After transferring printed images from magazines, using fusible web, I got to wondering if my own drawing, done with ink on paper would transfer as well, so I made a little drawing on tracing paper, using a permanent marker.
I layered the drawing, a piece of fusible and my fabric and fused with a hot iron, then I wet the paper and removed it as I had done with magazine paper. I was pleased to find that the tracing paper came off more easily than the magazine paper.
Wow! The ink transferred really well! The only down side was the haze the fusible left on the surface. With nothing to lose, I used the heat gun to remelt the fusible, which kind of beaded up and became fairly transparent. Much better!
It also made the transferred ink a bit "distressed"—an interesting texture that I don't mind at all.
Then—since the ink transfer turned out so well—I wondered what adding some other media would do.
I did a simple leaf drawing on tracing paper, then added color with pastel pencils.
Then layered with fusible and fabric, ironed and removed the paper.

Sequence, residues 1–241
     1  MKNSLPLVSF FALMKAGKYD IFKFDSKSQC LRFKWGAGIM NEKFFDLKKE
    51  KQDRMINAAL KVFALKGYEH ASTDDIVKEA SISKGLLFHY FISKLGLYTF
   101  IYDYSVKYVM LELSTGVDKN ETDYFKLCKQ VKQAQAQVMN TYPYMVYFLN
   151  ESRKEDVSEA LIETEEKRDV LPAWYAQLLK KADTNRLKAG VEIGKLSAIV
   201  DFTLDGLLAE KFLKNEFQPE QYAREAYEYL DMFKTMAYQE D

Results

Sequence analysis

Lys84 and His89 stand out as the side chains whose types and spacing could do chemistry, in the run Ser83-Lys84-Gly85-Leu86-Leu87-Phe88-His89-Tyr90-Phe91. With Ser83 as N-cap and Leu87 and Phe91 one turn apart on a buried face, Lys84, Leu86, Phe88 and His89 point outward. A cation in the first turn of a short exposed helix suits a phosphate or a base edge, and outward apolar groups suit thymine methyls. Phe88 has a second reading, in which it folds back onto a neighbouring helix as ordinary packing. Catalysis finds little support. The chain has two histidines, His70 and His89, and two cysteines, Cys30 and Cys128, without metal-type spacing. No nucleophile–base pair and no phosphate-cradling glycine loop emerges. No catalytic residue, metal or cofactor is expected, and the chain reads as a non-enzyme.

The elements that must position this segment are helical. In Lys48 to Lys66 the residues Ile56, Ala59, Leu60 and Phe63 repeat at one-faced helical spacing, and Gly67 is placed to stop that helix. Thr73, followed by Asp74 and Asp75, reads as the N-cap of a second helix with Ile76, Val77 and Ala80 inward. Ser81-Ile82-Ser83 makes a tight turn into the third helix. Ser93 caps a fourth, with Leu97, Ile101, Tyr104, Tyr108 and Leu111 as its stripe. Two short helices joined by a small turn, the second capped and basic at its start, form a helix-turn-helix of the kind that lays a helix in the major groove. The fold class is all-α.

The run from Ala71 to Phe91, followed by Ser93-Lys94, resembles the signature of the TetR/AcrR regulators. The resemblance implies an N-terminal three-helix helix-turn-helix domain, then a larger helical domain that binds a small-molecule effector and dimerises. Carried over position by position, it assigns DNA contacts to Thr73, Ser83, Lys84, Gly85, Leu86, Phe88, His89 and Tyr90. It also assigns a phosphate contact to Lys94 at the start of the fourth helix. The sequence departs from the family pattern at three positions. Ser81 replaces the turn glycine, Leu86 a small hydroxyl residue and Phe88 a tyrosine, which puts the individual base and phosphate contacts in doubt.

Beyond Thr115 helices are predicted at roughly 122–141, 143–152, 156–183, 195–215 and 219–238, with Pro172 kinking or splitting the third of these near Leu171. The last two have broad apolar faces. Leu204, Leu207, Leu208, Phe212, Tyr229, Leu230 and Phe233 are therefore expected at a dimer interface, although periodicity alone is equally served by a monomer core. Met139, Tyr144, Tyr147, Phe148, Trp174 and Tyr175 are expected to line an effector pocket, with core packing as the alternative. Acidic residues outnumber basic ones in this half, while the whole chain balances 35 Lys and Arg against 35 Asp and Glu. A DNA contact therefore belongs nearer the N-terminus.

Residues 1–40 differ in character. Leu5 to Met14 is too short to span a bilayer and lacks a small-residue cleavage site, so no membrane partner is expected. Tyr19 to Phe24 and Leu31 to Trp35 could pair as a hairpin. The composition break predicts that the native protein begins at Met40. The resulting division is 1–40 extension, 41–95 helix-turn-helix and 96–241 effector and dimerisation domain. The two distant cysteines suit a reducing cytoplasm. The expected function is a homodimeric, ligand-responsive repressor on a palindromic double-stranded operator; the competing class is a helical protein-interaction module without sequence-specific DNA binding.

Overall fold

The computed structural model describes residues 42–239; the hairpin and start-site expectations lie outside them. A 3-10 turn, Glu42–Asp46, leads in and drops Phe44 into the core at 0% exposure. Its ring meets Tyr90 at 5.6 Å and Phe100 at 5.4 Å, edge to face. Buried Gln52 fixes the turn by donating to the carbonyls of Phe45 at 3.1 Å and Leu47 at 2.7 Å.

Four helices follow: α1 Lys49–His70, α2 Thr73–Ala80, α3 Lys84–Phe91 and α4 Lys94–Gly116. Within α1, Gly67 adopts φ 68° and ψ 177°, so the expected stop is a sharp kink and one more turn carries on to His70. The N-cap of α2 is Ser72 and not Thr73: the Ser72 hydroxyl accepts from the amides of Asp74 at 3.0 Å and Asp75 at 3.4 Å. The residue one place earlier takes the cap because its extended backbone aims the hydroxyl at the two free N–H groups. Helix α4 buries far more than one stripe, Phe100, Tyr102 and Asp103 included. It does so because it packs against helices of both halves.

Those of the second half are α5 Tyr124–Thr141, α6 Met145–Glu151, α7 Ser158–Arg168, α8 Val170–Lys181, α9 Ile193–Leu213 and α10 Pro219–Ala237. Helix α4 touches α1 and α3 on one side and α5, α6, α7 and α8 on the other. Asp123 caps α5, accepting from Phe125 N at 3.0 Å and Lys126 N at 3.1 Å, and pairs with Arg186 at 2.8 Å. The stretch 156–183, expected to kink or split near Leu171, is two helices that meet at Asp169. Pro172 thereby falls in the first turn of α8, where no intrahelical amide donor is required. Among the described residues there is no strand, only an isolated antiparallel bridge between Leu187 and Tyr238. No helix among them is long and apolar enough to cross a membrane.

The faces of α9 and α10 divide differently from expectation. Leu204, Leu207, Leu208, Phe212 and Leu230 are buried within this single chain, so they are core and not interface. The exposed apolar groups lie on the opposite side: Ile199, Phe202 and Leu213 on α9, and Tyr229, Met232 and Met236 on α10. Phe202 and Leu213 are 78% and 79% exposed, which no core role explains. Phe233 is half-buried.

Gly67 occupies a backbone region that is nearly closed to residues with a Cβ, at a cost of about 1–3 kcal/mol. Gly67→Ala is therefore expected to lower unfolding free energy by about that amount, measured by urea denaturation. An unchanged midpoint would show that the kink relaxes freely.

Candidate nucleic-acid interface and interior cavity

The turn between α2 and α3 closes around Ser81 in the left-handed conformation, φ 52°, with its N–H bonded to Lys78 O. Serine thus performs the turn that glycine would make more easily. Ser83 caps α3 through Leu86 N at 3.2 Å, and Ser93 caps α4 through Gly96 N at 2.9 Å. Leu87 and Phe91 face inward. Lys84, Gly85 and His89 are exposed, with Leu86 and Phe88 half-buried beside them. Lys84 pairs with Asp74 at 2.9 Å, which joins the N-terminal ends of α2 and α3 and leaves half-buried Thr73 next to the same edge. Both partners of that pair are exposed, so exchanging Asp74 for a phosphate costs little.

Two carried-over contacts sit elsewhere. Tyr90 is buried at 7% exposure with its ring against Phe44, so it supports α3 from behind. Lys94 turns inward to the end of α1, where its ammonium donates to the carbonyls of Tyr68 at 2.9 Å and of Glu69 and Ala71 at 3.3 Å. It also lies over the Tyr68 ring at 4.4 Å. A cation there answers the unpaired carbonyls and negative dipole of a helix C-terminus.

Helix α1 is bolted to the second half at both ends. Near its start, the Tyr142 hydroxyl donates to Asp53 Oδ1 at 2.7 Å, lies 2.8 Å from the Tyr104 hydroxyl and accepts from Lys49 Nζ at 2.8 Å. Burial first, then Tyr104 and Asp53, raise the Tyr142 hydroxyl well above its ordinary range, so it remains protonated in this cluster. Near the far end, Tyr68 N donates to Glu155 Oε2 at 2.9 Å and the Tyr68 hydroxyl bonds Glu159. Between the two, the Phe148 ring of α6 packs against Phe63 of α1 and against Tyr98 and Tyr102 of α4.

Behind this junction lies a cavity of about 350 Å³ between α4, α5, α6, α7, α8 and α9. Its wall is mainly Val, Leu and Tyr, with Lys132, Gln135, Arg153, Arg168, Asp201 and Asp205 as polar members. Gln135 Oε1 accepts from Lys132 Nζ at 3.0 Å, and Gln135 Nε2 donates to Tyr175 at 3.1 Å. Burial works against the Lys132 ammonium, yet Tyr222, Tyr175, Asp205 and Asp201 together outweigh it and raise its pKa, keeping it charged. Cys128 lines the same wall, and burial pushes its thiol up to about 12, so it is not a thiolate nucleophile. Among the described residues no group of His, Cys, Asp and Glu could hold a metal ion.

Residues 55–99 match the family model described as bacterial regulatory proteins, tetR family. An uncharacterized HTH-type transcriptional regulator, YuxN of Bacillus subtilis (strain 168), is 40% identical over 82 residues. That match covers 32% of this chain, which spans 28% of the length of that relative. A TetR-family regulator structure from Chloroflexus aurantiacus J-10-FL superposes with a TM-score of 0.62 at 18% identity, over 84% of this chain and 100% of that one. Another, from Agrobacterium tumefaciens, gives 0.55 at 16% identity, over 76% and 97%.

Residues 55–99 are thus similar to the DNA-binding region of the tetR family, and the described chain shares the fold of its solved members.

I like this result as well. It was a mistake to cut the fusible to shape. It definitely changes the color of the background fabric, but I will know, if I do this again, to cover the entire background with fusible.
So, you might ask why not just apply the ink and pastel directly to the fabric and skip the transfer process? Well, mainly because the results look different. I have used both ink and pastels directly on fabric and you get a less crisp look. The ink and pastels are softer-edged applied directly, also, the pastels, when applied directly to fabric, need to be sealed with clear medium, which changes their chalky texture. So—different technique, different look.
I'm not sure when or why I would use these techniques, but they are good to know about. One more thing to know is that these seem very durable. The fusible really makes the image waterproof and firmly adhered.